• Not being able to find a job that pays enough to live properly

  • Not being able to travel anywhere as you can’t afford public transport

  • Not being able to live in housing big enough for you and your family

  • Not knowing where your next meal will come from

  • Being hungry in the holidays as there are no free school meals.

Why is it important for kids to learn about poverty?

Talking to your kids about the realities of poverty isn't just about making them aware that they are more privileged than some people. It's also a way of teaching them compassion and empathy for others. 

How to explain what can cause poverty

Younger children often want a simple explanation as to why something happens. Don’t be afraid to explain it to them by saying; 


“That person is asking for money because he’s hungry and has no food”

or “Those people are sleeping on the street because they have nowhere else to sleep.”


If they then ask why you can say:


“Maybe that person can’t find a job, or perhaps he works but doesn’t earn enough to buy food.”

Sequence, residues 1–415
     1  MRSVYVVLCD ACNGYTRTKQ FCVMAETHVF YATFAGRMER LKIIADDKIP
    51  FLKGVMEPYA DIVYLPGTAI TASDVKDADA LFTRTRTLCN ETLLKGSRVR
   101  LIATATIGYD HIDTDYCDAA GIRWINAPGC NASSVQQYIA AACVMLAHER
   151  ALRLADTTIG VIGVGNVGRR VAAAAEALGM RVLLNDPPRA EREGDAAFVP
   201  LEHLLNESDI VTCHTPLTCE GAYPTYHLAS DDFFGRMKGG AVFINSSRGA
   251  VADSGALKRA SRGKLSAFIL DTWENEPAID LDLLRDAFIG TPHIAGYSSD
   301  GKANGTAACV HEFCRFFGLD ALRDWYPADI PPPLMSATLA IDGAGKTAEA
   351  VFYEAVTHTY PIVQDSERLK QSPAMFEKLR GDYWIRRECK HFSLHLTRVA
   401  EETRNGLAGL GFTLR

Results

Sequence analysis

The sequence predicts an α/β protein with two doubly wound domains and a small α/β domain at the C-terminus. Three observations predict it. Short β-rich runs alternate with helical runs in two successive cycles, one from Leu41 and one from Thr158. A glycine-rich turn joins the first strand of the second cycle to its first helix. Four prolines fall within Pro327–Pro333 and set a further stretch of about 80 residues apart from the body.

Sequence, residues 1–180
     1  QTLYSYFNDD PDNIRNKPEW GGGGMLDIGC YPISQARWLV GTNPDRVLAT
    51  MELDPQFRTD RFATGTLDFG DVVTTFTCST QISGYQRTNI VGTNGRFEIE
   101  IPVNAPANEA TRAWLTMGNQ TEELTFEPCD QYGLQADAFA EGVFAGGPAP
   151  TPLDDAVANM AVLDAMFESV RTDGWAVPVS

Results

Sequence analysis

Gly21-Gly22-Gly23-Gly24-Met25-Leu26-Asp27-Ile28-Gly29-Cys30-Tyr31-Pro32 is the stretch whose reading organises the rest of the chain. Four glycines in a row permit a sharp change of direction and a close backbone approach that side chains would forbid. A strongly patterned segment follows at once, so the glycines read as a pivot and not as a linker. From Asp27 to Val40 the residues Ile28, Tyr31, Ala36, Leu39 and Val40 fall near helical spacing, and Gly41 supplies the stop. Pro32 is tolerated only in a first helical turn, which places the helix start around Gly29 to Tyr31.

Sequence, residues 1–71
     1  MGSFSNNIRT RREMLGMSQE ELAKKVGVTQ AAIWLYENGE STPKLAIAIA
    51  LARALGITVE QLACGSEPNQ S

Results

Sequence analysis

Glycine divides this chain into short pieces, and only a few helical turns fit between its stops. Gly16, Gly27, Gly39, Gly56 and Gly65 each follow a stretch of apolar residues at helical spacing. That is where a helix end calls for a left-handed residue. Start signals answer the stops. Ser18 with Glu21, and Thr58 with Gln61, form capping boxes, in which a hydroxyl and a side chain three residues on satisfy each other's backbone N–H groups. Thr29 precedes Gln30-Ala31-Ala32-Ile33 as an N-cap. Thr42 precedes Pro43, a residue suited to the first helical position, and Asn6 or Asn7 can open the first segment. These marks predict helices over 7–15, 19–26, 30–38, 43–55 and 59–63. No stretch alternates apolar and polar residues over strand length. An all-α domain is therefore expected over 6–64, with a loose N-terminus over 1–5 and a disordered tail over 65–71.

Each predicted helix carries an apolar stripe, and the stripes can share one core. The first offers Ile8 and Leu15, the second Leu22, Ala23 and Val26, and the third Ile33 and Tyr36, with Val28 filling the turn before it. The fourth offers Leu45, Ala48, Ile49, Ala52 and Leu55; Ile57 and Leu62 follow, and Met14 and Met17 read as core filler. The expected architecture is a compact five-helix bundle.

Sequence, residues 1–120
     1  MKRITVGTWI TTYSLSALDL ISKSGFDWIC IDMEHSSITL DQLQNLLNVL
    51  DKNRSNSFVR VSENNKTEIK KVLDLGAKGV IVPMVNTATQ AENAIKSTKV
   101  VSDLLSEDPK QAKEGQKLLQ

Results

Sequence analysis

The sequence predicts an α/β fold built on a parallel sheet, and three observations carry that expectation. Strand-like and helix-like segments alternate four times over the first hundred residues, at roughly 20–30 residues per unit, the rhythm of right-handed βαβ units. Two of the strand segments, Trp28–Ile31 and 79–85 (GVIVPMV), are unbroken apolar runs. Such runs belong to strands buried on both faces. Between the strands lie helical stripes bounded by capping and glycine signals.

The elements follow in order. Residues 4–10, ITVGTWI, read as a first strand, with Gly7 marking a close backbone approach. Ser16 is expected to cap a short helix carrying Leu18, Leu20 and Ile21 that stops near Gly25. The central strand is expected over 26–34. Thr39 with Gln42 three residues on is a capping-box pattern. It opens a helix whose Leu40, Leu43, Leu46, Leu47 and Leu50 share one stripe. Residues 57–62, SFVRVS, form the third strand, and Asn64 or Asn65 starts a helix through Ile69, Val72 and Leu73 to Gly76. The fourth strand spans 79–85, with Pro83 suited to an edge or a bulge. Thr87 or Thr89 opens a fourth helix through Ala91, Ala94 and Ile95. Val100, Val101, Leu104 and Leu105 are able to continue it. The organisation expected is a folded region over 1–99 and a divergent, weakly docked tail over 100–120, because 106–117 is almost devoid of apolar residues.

With older children, you can bring in broader economic factors, like the cost of living crisis, lack of work, and even bigger political issues behind poverty such as conflict, exploitation, and bad governance.

How to talk to younger children about poverty

Knowing your child’s current level of emotional development will also help guide you in what to say. The aim, whatever their age, is to find a balance between sharing the realities of poverty without making them feel overwhelmed.


Always start by asking what they know about poverty and having no money. Their answer can then guide what you talk about. Look for opportunities to bring it up naturally. 


For example, when the school is collecting food for Thanksgiving or during the holidays, speak to your child about why you’re donating canned goods and who it will help. Or, when they say a friend doesn’t get many presents on their birthday or doesn’t have warm clothes, explain that some families may not have enough money to buy these things.